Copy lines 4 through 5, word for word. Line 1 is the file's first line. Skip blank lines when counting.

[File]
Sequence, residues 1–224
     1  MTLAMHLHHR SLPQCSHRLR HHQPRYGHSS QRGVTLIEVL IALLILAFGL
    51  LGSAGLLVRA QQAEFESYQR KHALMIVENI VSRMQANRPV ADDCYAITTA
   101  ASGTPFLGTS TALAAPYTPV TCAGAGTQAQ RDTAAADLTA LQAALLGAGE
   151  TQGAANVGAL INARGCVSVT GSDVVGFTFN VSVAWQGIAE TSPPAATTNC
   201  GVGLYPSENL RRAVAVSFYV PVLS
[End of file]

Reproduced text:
   101  ASGTPFLGTS TALAAPYTPV TCAGAGTQAQ RDTAAADLTA LQAALLGAGE
   151  TQGAANVGAL INARGCVSVT GSDVVGFTFN VSVAWQGIAE TSPPAATTNC